Freedom of speech
The notion of freedom of speech has been the subject of much discussion and public debate. A recent opinion piece highlights the issues raised by any discussion of freedom of speech: 'We should not take freedom of speech for granted' by Katharine Gelber, SMH, 16 November 2011.
The Universal Declaration of Human Rights in its preamble states:
Whereas disregard and contempt for human rights have resulted in barbarous acts which have outraged the conscience of mankind, and the advent of a world in which human beings shall enjoy freedom of speech and belief and freedom from fear and want has been proclaimed as the highest aspiration of the common people…
The International Covenant on Civil and Political Rights deals with the right to participate in the democratic process, including freedom of speech:
1. Everyone shall have the right to hold opinions without interference.
2. Everyone shall have the right to freedom of expression; this right shall include freedom to seek, receive and impart information and ideas of all kinds, regardless of frontiers, either orally, in writing or in print, in the form of art, or through any other media of his choice.
3. The exercise of the rights provided for in paragraph 2 of this article carries with it special duties and responsibilities. It may therefore be subject to certain restrictions, but these shall only be such as are provided by law and are necessary:
(a) For respect of the rights or reputations of others;
(b) For the protection of national security or of public order (ordre public), or of public health or morals.
Protecting human rights in Australia produced by the Public Interest Advocacy Centre is a factsheet on civil and political rights and includes a case study about Pauline Hanson and freedom of speech (see page 8).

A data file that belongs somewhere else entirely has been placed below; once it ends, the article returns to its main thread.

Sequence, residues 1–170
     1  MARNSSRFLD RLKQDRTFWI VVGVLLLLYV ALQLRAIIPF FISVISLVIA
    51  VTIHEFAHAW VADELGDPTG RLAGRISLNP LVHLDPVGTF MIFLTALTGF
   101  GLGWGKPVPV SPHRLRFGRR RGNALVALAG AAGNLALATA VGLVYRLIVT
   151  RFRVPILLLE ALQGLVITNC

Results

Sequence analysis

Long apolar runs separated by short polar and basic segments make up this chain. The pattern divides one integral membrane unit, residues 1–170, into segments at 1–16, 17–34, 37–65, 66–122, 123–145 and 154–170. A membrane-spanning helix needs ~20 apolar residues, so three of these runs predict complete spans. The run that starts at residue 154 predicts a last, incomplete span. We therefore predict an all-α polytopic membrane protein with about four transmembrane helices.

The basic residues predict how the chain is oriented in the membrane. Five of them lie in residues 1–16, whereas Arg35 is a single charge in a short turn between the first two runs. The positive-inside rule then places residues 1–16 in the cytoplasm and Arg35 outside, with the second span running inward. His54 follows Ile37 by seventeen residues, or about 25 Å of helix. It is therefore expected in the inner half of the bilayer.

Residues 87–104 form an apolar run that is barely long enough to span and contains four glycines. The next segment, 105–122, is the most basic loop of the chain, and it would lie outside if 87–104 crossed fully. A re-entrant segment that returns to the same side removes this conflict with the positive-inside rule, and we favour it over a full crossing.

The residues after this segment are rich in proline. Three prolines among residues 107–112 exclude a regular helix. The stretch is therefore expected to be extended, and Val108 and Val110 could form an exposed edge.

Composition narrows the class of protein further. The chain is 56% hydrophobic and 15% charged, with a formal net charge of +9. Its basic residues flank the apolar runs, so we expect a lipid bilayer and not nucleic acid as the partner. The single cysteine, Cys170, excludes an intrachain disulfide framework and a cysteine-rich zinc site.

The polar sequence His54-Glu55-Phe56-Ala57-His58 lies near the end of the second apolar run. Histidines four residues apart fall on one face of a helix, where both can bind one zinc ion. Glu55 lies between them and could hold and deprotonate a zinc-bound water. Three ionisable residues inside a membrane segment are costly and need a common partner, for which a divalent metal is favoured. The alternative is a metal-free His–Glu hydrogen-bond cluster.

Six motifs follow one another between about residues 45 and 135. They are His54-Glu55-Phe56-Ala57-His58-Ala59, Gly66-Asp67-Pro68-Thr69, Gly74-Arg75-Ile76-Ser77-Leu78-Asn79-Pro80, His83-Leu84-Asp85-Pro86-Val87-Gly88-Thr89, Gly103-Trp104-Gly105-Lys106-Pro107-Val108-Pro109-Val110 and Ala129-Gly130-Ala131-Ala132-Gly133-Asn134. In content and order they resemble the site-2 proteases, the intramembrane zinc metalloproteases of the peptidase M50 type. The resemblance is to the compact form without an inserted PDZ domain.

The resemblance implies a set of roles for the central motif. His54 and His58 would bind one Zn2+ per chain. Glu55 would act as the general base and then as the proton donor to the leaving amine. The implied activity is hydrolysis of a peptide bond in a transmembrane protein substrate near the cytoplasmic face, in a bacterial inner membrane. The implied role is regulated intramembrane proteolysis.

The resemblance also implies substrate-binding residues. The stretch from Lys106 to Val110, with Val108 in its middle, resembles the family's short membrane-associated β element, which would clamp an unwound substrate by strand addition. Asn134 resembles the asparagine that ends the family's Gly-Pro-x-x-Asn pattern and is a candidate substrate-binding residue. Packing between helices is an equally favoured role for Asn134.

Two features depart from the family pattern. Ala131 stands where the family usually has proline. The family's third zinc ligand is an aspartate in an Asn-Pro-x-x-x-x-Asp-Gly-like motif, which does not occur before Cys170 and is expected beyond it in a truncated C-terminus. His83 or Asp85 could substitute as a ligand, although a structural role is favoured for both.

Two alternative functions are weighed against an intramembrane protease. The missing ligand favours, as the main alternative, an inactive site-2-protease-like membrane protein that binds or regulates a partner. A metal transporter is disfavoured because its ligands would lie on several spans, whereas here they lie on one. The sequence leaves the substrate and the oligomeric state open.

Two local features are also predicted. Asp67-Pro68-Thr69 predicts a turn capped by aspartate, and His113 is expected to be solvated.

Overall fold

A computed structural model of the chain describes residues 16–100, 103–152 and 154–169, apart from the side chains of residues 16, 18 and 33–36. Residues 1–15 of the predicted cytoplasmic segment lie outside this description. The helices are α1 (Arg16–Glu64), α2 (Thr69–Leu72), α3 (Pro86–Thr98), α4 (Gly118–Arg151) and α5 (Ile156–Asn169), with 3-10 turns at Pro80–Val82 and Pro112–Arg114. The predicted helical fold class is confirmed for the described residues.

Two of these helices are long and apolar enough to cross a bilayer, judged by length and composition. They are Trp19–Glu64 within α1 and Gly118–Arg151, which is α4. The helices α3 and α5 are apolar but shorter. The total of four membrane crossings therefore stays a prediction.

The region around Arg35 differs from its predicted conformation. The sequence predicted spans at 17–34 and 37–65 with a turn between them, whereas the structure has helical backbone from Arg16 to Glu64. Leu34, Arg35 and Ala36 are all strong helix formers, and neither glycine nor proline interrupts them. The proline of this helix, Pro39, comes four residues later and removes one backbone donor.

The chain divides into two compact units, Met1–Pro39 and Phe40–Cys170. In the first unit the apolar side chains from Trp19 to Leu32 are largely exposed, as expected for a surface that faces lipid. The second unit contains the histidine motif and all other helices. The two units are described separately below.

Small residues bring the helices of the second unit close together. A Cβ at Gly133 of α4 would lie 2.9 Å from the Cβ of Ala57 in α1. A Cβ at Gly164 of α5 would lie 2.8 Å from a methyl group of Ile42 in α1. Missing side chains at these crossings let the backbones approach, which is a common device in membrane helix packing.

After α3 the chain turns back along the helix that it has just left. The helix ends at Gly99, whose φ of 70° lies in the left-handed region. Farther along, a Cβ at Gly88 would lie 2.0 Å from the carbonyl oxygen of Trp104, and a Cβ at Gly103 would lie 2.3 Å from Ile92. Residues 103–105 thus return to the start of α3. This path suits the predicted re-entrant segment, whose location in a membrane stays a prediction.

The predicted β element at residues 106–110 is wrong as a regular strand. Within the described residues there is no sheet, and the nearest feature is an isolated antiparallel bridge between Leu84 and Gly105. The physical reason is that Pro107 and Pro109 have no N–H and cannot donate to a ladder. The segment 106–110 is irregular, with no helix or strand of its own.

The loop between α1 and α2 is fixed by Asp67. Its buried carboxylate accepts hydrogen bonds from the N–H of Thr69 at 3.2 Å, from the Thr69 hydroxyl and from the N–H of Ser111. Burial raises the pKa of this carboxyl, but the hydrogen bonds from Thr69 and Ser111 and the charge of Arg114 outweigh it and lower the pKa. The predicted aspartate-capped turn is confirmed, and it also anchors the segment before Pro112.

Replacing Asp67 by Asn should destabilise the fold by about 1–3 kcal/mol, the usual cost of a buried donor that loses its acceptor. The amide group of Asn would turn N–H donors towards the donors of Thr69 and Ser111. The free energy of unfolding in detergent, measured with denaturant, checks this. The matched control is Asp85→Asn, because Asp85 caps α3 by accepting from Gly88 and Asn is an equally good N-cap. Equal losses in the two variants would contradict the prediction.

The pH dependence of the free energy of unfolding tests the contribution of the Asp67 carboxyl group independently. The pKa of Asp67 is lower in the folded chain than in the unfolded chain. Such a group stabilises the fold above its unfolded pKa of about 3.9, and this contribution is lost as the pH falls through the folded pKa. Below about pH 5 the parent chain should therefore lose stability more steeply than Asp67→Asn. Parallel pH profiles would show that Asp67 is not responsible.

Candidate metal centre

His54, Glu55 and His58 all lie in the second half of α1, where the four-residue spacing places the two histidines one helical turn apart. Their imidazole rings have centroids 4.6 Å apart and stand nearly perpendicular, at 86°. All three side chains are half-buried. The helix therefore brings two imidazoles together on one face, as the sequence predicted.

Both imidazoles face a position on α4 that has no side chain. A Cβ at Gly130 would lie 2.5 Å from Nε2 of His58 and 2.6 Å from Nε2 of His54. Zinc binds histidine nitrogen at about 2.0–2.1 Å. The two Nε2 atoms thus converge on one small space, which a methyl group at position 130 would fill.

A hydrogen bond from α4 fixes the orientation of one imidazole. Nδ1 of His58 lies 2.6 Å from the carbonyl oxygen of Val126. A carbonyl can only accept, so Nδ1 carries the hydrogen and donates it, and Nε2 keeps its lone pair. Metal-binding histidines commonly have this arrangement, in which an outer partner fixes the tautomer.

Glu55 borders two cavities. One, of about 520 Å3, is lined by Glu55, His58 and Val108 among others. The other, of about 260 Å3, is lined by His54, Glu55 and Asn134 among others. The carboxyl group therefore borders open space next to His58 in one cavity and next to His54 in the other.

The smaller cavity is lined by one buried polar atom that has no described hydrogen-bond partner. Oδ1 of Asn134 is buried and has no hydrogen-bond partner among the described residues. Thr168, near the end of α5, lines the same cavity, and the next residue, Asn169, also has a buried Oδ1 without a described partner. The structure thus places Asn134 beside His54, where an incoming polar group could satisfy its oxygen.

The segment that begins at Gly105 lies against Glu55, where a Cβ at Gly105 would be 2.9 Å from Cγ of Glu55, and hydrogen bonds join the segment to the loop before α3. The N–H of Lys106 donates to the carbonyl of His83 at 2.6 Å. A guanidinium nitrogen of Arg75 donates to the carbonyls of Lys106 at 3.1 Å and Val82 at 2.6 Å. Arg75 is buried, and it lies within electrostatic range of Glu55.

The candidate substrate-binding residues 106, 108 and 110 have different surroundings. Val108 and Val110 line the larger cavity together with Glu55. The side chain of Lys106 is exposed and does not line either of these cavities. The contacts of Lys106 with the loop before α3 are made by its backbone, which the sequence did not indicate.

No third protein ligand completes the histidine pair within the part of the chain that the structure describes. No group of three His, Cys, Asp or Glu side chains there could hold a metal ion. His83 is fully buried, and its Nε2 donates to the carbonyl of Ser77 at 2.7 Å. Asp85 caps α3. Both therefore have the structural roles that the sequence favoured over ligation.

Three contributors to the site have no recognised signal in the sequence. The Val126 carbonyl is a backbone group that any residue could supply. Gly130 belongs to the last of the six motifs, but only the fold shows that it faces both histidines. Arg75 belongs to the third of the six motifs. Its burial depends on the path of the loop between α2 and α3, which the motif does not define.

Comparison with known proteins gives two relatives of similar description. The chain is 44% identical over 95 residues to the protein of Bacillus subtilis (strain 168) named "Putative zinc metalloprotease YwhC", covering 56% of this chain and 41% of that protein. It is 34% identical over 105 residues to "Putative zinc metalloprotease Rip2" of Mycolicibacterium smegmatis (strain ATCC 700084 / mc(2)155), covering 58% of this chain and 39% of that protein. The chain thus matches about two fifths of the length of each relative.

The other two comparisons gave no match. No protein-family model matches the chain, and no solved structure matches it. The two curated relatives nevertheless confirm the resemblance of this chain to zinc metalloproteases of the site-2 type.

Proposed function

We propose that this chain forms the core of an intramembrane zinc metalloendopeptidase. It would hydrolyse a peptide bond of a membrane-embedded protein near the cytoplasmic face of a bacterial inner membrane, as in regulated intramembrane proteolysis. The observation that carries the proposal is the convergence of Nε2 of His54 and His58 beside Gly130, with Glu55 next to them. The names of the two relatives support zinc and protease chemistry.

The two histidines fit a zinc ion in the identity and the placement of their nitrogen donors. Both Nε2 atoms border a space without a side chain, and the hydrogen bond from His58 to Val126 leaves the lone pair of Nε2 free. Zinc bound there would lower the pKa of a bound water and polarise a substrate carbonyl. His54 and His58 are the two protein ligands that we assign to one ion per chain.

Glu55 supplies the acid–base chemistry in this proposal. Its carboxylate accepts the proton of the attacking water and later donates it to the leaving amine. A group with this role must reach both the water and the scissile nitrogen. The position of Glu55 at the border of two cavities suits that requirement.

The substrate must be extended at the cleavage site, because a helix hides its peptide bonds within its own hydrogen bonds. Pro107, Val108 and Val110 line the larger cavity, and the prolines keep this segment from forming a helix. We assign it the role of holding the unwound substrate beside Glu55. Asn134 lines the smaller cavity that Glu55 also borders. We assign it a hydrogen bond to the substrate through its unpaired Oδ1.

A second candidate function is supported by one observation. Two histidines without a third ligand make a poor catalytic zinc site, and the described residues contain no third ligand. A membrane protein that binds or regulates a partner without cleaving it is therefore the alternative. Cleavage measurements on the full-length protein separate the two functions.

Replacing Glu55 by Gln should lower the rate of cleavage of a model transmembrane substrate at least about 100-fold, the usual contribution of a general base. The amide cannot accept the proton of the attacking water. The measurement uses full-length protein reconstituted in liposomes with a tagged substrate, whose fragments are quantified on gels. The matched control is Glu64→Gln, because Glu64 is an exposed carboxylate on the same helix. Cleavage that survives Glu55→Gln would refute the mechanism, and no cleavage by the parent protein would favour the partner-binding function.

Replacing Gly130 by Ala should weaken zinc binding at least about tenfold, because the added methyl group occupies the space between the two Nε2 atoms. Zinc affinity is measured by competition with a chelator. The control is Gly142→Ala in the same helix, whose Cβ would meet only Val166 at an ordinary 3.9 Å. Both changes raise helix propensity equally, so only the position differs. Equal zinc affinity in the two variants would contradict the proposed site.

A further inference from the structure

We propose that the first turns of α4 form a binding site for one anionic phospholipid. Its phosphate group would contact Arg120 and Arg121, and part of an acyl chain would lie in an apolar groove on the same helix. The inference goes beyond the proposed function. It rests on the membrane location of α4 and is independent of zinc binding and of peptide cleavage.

If you are interested in exploring freedom of speech as a human rights issue, you might want to read these magazine articles which are available on AGIS Plus if you have a library card for the State Library:
- 'Standing as a barrier to constitutional justice: can we create a new public law paradigm?' by Geoff Holland (2010) 22 (3) Bond Law Review 78-81;
- 'A stifling climate: targeting social movements and policing protests' by Holly Creenaune (2010) 32 D!ssent 33-35;
- 'The Gunns 20 case: a brief history' by Adam Beeson (2010) (1) National Environmental Law Review 49-51; and
- 'The right to protest' by Benjamin Baxter (2009) 92 Precedent 33-35
You can find many other articles by typing in 'freedom of speech'.
The Environmental Defender’s Office have written an excellent online publication Campaigning and the Law in New South Wales: A guide to your rights and responsibilities (23 August 2010) which explains how you can speak out in public without being sued for defamation.
You might also want to read earlier posts that have discussed freedom of speech:
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